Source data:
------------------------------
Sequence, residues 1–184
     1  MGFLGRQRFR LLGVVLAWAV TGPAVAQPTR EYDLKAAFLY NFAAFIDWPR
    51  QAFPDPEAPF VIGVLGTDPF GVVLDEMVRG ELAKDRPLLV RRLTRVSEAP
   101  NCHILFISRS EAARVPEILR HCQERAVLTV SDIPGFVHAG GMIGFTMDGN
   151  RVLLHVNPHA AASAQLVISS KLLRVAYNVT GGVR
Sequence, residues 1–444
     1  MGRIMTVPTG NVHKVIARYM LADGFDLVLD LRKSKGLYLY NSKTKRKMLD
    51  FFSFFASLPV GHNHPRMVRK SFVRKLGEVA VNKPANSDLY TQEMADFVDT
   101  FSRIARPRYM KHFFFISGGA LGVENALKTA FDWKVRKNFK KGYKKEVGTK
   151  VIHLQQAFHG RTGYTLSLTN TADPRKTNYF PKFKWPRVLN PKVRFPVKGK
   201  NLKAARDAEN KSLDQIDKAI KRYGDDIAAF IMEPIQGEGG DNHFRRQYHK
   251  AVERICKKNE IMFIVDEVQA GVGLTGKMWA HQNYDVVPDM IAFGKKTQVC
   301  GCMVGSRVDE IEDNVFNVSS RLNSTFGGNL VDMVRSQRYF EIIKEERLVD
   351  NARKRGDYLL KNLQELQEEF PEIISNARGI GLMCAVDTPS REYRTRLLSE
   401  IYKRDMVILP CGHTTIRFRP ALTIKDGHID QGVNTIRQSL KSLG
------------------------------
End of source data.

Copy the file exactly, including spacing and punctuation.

Sequence, residues 1–184
     1  MGFLGRQRFR LLGVVLAWAV TGPAVAQPTR EYDLKAAFLY NFAAFIDWPR
    51  QAFPDPEAPF VIGVLGTDPF GVVLDEMVRG ELAKDRPLLV RRLTRVSEAP
   101  NCHILFISRS EAARVPEILR HCQERAVLTV SDIPGFVHAG GMIGFTMDGN
   151  RVLLHVNPHA AASAQLVISS KLLRVAYNVT GGVR
Sequence, residues 1–444
     1  MGRIMTVPTG NVHKVIARYM LADGFDLVLD LRKSKGLYLY NSKTKRKMLD
    51  FFSFFASLPV GHNHPRMVRK SFVRKLGEVA VNKPANSDLY TQEMADFVDT
   101  FSRIARPRYM KHFFFISGGA LGVENALKTA FDWKVRKNFK KGYKKEVGTK
   151  VIHLQQAFHG RTGYTLSLTN TADPRKTNYF PKFKWPRVLN PKVRFPVKGK
   201  NLKAARDAEN KSLDQIDKAI KRYGDDIAAF IMEPIQGEGG DNHFRRQYHK
   251  AVERICKKNE IMFIVDEVQA GVGLTGKMWA HQNYDVVPDM IAFGKKTQVC
   301  GCMVGSRVDE IEDNVFNVSS RLNSTFGGNL VDMVRSQRYF EIIKEERLVD
   351  NARKRGDYLL KNLQELQEEF PEIISNARGI GLMCAVDTPS REYRTRLLSE
   401  IYKRDMVILP CGHTTIRFRP ALTIKDGHID QGVNTIRQSL KSLG